StepUp Series: Orville Salzgeber recalls World War II service

Allison Ullmann - Staff
Spring Valley resident Orville Salzgeber shares a laugh with Nurse Manger and Assisted Living Administrator Kelly Moore, left, and Marking Coordinator Maureen Hagland. PHOTO BY ALLISON ULLMANN/THE PERRY CHIEF

Editor’s note: This is the second story in a new series the Perry Chief is producing. The series will focus on a different elder each month from the Spring Valley and main campuses of Perry Lutheran Homes. The series was prompted by the PLH StepUp campaign, which aims to raise awareness of the elderly in Perry and beyond.

Orville Salzgeber, 97, has lived a long life. And he thanks God for that.

“God’s been good to me,” the Spring Valley resident said.

Though he never anticipated he would celebrate 97 years.

“I didn’t think I’d ever last this long. But that’s life,” Salzgeber said. “We never know from the time we’re born til we die. You just don’t know, God takes care of that.”

Salzgeber was born in 1920 here in Perry. He remembers living through the Great Depression with his family. They didn’t have a lot, Salzgeber said, but his dad worked a number of odd jobs to keep food on the table. His dad worked at the railroad, cleaned wallpaper and worked as a janitor.

“It was pretty lean in those years,” Salzgeber said.

He graduated from Perry High School in 1938. His graduating class of 112 was the biggest class at that time.

After graduating, Salzgeber went to work for the Milwaukee Railroad in 1941. Then World War II happened. He was automatically deferred for six months as he was busy hauling supplies for the railroad. The single men were then drafted.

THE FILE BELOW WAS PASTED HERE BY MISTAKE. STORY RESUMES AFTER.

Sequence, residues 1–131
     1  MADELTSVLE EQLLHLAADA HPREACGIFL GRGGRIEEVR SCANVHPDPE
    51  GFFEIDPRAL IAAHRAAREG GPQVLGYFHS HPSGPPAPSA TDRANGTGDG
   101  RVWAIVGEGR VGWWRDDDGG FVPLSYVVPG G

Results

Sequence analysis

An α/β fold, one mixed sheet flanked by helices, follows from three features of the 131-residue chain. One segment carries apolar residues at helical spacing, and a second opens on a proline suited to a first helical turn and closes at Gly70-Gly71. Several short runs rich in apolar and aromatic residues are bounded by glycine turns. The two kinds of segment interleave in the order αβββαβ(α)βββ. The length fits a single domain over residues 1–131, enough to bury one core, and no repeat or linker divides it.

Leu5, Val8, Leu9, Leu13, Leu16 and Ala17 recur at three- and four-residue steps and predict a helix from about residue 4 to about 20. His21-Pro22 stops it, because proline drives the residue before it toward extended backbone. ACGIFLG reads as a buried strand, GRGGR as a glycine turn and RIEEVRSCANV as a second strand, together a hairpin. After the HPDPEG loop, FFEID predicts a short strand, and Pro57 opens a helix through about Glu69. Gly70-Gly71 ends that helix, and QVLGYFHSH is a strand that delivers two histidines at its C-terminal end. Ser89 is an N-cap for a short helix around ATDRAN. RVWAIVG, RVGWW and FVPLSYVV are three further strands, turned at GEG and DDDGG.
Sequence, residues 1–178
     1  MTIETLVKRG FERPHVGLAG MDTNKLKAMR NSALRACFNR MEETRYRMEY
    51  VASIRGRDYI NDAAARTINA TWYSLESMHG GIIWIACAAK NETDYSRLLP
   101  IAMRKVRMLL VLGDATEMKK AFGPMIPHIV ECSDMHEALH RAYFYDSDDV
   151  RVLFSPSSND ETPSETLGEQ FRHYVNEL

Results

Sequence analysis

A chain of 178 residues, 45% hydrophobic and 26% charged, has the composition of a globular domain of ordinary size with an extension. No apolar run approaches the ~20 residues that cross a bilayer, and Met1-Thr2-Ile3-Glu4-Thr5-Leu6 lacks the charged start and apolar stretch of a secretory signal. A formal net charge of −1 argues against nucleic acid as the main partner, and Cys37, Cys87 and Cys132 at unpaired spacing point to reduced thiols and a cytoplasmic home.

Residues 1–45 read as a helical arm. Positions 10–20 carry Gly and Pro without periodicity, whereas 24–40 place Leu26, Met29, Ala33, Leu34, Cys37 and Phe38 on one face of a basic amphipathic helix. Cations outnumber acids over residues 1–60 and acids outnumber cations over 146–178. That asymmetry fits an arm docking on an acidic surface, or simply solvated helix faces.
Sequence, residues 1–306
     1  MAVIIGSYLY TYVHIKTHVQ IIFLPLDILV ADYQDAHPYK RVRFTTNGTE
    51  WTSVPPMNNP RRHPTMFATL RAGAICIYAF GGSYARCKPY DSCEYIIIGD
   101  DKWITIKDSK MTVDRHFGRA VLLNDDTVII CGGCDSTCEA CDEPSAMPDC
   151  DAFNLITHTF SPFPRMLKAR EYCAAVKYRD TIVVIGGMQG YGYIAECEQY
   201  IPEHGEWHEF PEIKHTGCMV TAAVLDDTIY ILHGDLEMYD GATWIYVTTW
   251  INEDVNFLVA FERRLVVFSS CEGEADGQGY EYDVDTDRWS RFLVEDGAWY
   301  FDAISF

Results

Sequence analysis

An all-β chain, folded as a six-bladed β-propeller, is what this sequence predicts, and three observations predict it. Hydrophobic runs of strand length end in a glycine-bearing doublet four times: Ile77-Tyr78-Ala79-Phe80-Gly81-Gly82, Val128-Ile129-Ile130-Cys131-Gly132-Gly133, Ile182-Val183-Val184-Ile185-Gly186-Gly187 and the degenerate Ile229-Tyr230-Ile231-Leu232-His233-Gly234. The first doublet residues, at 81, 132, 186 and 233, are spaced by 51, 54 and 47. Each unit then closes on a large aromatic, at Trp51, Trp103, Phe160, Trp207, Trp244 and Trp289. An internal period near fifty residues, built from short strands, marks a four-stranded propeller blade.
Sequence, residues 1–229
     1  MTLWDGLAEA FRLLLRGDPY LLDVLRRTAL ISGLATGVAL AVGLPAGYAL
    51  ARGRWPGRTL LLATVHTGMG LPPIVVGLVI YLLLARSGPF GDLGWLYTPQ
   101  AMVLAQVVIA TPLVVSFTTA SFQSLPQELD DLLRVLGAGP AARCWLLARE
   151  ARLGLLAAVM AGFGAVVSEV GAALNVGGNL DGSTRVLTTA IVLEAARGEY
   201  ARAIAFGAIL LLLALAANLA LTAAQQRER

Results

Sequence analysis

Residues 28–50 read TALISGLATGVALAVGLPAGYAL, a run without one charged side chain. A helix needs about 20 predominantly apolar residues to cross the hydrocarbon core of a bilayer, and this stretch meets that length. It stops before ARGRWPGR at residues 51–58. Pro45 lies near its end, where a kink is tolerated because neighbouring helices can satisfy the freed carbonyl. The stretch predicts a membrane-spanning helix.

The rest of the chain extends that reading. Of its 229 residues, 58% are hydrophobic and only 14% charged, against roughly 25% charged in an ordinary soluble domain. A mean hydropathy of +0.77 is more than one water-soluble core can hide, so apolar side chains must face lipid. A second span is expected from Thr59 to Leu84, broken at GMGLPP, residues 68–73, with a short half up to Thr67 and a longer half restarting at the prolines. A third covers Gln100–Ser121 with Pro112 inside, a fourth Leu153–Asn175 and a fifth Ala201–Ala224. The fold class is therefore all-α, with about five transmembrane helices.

“It was a funny thing, I was drafted, but I enlisted,” Salzgeber said. “When you were drafted, it was a few months before you went in. I had some friends that were going to go in earlier, so I just went down and enlisted.”

He served in a railroad operating battalion in the United States Army. Salzgeber worked as a fireman and engineer as they hauled supplies along the railroad in the South Pacific.

“There were no battle lines. The Japanese were just all over. When you went out, you didn’t know what you were going to run into,” Salzgeber said. “The airplanes used to give us a lot of trouble, they would come down and strafe us. We got air superiority after that, so it wasn’t too bad.”

Still, he added that he couldn’t complain as he wasn’t on the front lines like others who served in World War II. Though he did end up being brought back to the United States on a stretcher.

While waiting to ship out to the United States after the war was over, his unit was staying in a big railroad terminal. The guy on the cot next to Salzgeber came down with chicken pox.

“I guess he must have came back too quick. Because we were all ready to ship out and I saw a spot on my forehead,” Salzgeber said.

His unit was one of the last ones in the South Pacific. To make the boat back to the United States, Salzgeber had to be isolated for seven days in a row.

“And we got to Seattle, and I was going to be discharged. They came and got me off the boat in a stretcher. I wasn’t even sick, I was just over the chicken pox,” Salzgeber said with a laugh.

After returning home to Perry, he went back to work on the Milwaukee Railroad. He worked for the railroad for around 40 years, until it shut down in 1980.

Salzgeber worked as an engineer. He remembers there used to be six passenger trains a day going through Perry, in addition to the freight trains.

“Perry was a railroad town, had been for 100 years til it shut down. People that live here now don’t realize,” he said.

Salzgeber married Louise in 1948 and they had three children. The pair liked to go on vacations and go fishing.

“I guess that’s about the story of my life,” Salzgeber said with a chuckle.

He then moved into the Spring Valley campus of the Perry Lutheran Homes in September of 2015.

“It’s just like having your own apartment, I really enjoy it,” Salzgeber said.